So, I went to my prof (who is amazing) and spoke with her about my concerns. I’m worried that if I have to memorize the thousands of vocab words in this entire book, I will have a stroke. I am willing to read every single word – even twice – but don’t expect me to retain it all. She smiled gently and completely and immediately understood my concern. She instructed me to look at the learning objectives at the beginning of each chapter – because those were the highlights I was referring to and those would be the types of things on the exams. I was relieved to find out that despite the massive child-sized textbook I have to lug around, not all of that information needs to be crammed into my brain. After all, if I discover during the chapter on the digestive system that I really feel passionately about tummies, I can take additional specialized courses or training that will expand on that. Otherwise, I just need a basic understanding of how the human body works.

That being said, I love the class. I like the textbook, even if it does take a long time to read through. And, now that I know what the objectives are and what their purpose is, I can “lightly read” the parts in the book until I get to the core concepts, then I can really focus on detailed note-taking and memorization.

That’s my Monday from 1-4. Three straight hours of A&P lecture. She uses power points, which I have printed out for note-taking during he lecture, and she follows the textbook. She also glosses over the stuff that’s not directly stated in the objectives. We talk about it, but briefly.

From 4-7 it’s a whole different ball game. I have come to realize that Mondays are my least favorite day of the week.

You see, from 4-7, it’s a three-hour lab that relates to the lecture. This week we finished talking about The Cell and moved onto Tissues. The lecture is FAST PACED – designed to highlight the important concepts from the chapter reading that is supposed to be done before class begins. The lab exists to see – in real life – what the textbook is talking about. So, if we are talking about different types of tissue in the body, we go to lab and look at slides under a microscope to relate it to what we just learned.

There’s only one problem. I suck at it.

I don’t suck at using a microscope – I know what all the parts do. I can adjust the eye things (definite word choice.) so that it’s a binocular view, I can use the knobs to move the slide where I want it to go, and I understand how different levels of magnification work. All of that is fine. I run into trouble when it comes to locating what I am supposed to locate – which is what I learned yesterday.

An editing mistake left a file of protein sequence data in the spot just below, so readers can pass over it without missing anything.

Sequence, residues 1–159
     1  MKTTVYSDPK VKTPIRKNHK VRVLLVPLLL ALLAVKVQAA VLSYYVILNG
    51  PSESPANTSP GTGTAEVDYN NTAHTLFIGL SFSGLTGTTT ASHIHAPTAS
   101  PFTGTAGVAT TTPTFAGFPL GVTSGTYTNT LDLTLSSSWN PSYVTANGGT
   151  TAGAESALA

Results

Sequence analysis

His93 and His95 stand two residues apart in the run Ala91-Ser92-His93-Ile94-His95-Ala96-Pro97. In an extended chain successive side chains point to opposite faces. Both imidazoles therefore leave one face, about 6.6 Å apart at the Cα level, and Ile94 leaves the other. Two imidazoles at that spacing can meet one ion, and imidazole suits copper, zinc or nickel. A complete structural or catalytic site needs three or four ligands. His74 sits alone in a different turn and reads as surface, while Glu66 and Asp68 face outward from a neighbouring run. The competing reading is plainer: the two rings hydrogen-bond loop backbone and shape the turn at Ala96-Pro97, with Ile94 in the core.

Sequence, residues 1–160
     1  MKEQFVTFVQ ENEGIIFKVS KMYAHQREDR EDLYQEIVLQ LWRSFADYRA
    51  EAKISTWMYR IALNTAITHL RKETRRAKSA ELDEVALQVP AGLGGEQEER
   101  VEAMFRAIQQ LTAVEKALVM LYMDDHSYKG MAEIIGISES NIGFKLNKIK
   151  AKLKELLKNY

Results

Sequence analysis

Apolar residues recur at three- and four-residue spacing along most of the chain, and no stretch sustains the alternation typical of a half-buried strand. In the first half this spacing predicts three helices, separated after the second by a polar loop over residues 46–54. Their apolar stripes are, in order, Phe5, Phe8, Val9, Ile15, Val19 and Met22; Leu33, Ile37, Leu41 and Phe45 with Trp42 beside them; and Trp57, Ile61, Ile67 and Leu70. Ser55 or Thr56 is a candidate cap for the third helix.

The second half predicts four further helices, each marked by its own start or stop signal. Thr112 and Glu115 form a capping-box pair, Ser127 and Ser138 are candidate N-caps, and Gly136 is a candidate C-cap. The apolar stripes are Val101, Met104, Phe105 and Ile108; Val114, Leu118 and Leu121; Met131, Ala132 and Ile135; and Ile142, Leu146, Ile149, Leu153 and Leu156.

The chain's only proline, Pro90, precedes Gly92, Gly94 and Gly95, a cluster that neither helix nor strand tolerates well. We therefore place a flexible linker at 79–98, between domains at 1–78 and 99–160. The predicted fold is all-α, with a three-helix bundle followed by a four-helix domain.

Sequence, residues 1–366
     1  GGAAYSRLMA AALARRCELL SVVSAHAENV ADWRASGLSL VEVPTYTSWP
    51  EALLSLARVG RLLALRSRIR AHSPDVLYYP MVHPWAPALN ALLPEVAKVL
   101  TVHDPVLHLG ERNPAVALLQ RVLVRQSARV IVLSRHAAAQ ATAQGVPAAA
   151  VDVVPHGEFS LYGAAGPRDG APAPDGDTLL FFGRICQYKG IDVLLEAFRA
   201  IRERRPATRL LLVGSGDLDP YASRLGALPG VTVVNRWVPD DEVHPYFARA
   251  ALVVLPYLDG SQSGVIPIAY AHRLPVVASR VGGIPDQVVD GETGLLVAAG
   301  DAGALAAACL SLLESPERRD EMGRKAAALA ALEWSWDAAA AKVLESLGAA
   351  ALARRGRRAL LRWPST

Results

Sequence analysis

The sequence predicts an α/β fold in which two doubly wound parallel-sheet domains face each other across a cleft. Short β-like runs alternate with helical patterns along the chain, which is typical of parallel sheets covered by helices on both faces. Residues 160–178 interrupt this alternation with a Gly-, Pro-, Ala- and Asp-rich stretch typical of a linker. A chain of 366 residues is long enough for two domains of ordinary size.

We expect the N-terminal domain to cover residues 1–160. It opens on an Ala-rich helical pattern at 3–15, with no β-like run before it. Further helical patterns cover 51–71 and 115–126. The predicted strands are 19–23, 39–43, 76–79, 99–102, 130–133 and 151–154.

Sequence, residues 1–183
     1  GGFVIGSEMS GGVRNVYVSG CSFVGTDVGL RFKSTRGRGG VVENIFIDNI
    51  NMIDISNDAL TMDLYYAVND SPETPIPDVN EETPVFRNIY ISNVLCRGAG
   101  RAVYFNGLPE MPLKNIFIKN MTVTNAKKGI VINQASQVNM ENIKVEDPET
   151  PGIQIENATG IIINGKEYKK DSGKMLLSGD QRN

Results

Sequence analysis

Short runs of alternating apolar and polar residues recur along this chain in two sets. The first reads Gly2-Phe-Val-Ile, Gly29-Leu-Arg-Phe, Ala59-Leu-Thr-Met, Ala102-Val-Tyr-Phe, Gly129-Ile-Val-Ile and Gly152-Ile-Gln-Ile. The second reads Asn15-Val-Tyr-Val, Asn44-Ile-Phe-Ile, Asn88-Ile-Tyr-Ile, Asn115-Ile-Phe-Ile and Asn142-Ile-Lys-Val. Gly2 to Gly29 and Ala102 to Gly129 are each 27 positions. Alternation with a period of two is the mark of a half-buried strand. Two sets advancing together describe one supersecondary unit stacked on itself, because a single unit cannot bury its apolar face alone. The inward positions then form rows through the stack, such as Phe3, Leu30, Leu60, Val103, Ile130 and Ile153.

Our lab assignment was to view different tissue types under the microscope to find different kinds of cells. Tissues have many different kinds of cells in them, so you have to be careful you find the right one. They are all stained purple so you can actually see what you are looking at, and because of the stain you can see the nucleus of the cell so you know it’s there. But there’s not just one, there are thousands and it’s hard to tell which one is which.

Let me give you an example. I was looking at epithelial tissue. There are different kinds of cells found in epithelial tissue. Here are the types that my textbook gives me:

Illu_epithelium

 

Seems simple enough, right? Just look at that pretty picture. They are all so distinct and awesome-looking. The columnar cells look like columns and the cuboidals look like cubes. I am confident in my ability to find distinct shapes. So, I pull out the slide and this is what I see:

hist5

 

Uh… okay. So, clearly this is a god damn mess. Look at it! There’s all kinds of stuff going on here. Anywhere you see a dark purple dot (or a dark purple oval or circle thing) is a nucleus, so you know there are tons of cells here. From this far away (scanning power on the microscope) it all kind of looks the same. Let’s say I want to find the stratified squamous. Remember that those are flat and squishy. I locate the area that I think is the stratified squamous:

stratified squamous

 

Doesn’t that look like the picture from the textbook? They are flat and squishy. In the big picture, they are about a fourth of the way down from the top, right in the middle. I am so proud of myself! Check out my ability to look at a diagram and find the cells!!! Go me! So, I call my teacher over excitedly, to tell her that I think I found what I am looking for but I need verification – I am nothing if not thorough. She peers through the microscope for a split second and says:

“No.”

Now, she doesn’t say No in a way that is at all insulting or soul-crushing – but I am devastated. I was riding high on my ability to match a diagram from a fucking science textbook to the real thing. Aren’t the diagrams supposed to be HELPFUL!?!? Dammit!!!!!

My prof made a few adjustments and asked me to look in the eye piece. She had located the ACTUAL cells I was trying to find. She explained what I was trying to find and I, in quite an ashamed tone, told her why I thought the cells I had found were the right ones. I was not defensive, nor was I pouty. But I was embarrassed. There’s a diagram for god’s sake.